“Project Logan” Brings Direct X 11 To Smartphones


Nvidia’s new mobile GPU uses less than one-third the power of the iPad 4’s GPU, while still performing the same rendering.

Nvidia have offered a sneak peak at the nuts and bolts behind it’s new “Project Logan” mobile GPU, and boy does it look impressive. Project Logan supports the full spectrum of OpenGL – including the just-announced OpenGL 4.4 – and it also supports DirectX 11, Microsoft’s latest graphics API. For comparison, those of you that remember the good ol’ 8800 GTX series of videocards, Project Logan is a bit better than those. If you told me four years ago that a smartphone would have a be able to outperform my PC, i’d have said you were talking crazy, but here we are.

Epic Games CEO Tim Sweeney confirmed that Project Logan will be able to run Unreal Engine 4, empowering mobile devices with “the same high-end graphics hardware capabilities exposed via DirectX 11 on PC games and on next-generation consoles.”

Being a mobile GPU, power efficiency is a very important factor. There’s no point in being able to produce gorgeous graphics if your phone dies after ten minutes. The good news is that Project Logan uses less than one-third the power of GPUs in leading tablets, such as the iPad 4, while performing the same rendering. “We took Kepler’s efficient processing cores and added a new low-power inter-unit interconnect and extensive new optimizations, both specifically for mobile.”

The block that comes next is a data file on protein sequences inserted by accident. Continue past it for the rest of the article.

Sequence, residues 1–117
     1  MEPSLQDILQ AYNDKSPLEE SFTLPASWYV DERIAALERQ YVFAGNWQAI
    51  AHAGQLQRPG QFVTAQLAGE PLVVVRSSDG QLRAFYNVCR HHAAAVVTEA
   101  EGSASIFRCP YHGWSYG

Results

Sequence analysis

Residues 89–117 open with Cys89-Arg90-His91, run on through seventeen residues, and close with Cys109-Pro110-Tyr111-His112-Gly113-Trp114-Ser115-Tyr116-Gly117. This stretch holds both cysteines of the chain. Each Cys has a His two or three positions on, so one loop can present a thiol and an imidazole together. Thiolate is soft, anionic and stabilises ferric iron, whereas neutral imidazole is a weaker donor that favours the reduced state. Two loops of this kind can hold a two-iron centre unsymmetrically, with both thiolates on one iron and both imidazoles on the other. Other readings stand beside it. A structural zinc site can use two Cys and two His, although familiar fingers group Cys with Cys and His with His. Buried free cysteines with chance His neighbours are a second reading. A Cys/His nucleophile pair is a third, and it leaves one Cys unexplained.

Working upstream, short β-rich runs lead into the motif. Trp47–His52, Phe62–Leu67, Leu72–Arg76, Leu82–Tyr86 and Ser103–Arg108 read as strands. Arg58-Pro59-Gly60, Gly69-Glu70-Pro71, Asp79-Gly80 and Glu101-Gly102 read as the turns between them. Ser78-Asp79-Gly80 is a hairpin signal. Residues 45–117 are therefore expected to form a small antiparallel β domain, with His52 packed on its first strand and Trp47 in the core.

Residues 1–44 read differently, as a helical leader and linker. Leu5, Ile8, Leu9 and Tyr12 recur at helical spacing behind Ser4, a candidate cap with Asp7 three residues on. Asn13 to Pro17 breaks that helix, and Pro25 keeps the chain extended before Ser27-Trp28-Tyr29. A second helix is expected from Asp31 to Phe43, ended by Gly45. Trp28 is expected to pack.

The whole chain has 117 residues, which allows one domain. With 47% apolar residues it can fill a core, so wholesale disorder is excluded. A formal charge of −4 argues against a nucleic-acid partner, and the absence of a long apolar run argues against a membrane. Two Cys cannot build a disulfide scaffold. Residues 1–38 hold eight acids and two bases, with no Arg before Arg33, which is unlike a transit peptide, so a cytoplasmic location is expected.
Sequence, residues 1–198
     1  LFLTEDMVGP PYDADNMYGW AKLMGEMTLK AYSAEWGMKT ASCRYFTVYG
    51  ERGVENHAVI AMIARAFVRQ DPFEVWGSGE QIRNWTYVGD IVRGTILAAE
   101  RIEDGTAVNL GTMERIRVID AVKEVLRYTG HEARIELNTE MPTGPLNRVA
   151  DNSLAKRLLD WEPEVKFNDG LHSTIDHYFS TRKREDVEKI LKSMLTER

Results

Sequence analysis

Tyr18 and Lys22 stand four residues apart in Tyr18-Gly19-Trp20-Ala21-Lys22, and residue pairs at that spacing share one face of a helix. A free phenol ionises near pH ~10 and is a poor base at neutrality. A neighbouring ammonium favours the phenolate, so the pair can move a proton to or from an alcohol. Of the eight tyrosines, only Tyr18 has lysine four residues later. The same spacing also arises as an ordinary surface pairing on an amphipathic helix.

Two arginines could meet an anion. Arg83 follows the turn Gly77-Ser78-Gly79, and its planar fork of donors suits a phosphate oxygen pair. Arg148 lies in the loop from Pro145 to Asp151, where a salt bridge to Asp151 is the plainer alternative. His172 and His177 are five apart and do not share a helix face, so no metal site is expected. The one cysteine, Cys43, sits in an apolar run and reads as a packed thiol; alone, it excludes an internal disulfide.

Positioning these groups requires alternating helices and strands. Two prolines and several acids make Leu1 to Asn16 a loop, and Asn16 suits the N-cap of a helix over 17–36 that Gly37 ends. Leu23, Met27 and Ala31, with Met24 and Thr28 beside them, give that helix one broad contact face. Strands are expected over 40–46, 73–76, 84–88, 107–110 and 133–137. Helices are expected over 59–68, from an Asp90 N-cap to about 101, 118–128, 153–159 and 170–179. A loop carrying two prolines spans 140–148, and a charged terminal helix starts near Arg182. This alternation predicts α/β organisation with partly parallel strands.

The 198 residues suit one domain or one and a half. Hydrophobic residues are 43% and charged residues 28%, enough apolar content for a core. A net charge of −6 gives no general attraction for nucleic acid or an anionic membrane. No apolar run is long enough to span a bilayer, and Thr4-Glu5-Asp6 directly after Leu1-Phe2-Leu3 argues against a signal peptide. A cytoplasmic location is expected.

Be sure to check out the video above, which shows a mobile device with Project Logan running that rather impressive FaceWorks render we saw being run by Nvidia’s horrendously expensive and equally powerful Titan series of graphics cards.

Project Logan achieves these feats of strength by utilizing Nvidia’s revolutionary Kepler architecture. “This is as big a milestone for mobile as the first GPU, GeForce 256, was for the PC when it was introduced 14 years ago,” said Nvidia’s Jonah Alben. “I am really excited to start showing it off to the world.”

The project is still in the prototyping phase, so don’t expect to see it anytime in the immediate future.

Source: Nvidia

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